It’s hard to believe I’m now well over halfway through Cynthia Harrod-Eagles’s Moland Dynasty series, which explores the history of England (and more) through the lives of one Yorkshire family. Although I’ve enjoyed the whole series, it wasn’t until the eighth book or so that I started to really delight in the Morland story. The last several books have been great pleasures to read, and for the most part this one proved to maintain the consistent standard achieved over the course of the series.
Set in the 1840s, The Hidden Shore steps outside Morland Place to look at the lives of the Manchester and London branches of the family. These branches were left entirely out of the last book, The Abyss, which I think was the right choice. The Abyss would not have worked so well had it not had that tight focus. In fact, one of the problems that this series suffers from is a surfeit of characters and family lines to cover. So I didn’t really miss the other branches of the family when they were dropped from the last book. However, that doesn’t mean I was sorry to see them reintroduced!
The main heroine of this book, Charlotte, has been estranged from her extended family for most of her life. She hasn’t been raised to think about come-out parties and finding a mate worthy of her status. In fact, she doesn’t know what her status is and has never given any thought to finding a husband. But as the heir of her father’s hidden fortune and title, she finds that she must take her place in society and learn the rules as she goes.
A lot of this book, like others in the series, focuses on the quest for a wealthy spouse and the tension between making a suitable social match and finding love. To be honest, I’ve been glad that the last few books spent less time on society balls and whatnot because the balls and flirtations do get tedious. So when Charlotte and her cousin Fanny started donning fine clothes and meeting fine young men, I started to fret. Again? Really? Haven’t we heard this story before? But I didn’t consider how having such an unconventional heroine as Charlotte would shape the story. Charlotte’s reactions to her new social circle give freshness to the plot. Even though Charlotte’s thoughts and actions added some interesting complications, the romantic storylines generally did tend toward the predictable, perhaps more so than in previous books. Plus, I just couldn’t bring myself to care about the romances when the history was so much more interesting.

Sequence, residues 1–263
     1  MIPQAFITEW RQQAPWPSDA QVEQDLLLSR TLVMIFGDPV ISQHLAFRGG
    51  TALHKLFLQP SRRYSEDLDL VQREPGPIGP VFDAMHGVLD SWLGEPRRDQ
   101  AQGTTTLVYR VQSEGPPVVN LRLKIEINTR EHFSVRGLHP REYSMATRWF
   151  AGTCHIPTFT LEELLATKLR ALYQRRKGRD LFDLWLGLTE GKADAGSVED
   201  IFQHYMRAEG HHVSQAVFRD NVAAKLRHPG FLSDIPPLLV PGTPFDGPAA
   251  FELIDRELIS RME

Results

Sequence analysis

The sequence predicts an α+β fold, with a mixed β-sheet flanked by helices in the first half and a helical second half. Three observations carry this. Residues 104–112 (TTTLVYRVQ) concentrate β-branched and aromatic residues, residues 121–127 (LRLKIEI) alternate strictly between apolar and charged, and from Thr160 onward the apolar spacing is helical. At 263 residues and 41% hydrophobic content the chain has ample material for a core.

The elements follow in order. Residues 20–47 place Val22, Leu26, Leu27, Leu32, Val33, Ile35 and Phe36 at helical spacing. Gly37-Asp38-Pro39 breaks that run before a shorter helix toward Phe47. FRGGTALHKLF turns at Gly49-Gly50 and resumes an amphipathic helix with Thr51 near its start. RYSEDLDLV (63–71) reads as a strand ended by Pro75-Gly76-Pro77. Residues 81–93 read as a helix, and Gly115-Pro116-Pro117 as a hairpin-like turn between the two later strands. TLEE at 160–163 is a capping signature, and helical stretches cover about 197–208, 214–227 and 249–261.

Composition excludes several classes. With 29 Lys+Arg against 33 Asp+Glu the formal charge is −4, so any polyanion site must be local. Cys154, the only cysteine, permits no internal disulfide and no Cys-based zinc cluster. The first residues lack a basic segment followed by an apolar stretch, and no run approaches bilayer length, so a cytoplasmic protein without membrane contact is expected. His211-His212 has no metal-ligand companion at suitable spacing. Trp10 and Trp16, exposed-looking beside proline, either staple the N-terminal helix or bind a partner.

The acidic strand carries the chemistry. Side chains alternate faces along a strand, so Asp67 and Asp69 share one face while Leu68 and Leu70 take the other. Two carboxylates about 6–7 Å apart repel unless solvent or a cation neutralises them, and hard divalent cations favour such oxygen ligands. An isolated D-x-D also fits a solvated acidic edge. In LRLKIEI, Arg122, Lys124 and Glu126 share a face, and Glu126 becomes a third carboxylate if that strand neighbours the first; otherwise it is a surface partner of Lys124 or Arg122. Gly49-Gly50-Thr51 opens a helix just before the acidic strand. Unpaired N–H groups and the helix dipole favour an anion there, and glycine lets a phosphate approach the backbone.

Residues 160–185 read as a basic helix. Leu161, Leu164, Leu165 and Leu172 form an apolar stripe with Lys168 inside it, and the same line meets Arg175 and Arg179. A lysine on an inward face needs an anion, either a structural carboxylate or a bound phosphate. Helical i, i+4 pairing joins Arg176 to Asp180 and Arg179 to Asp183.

The historical background of this book is Victorian London, and there’s a lot of attention paid to the plight of the urban poor. This has been a running thread in the books that have dealt with the family’s mills in Manchester, but this book takes the characters deeper into more devastating poverty. I’ve read a lot of fiction set in the Victorian era, but I’ve rarely read such detailed descriptions of urban squalor in Victorian London. The scenes set in the hospital were particularly shocking. I think Harrod-Eagles’s focus on wealthy characters works to her advantage here. We see the awful conditions through their eyes, instead of through the eyes of people who have come to see such conditions as normal.
So overall, this was not as strong as the books immediately before it, but it was still quite good. I really like Charlotte as a character, but I worry that she is too idealized. I’m curious to see how she develops over the next few books.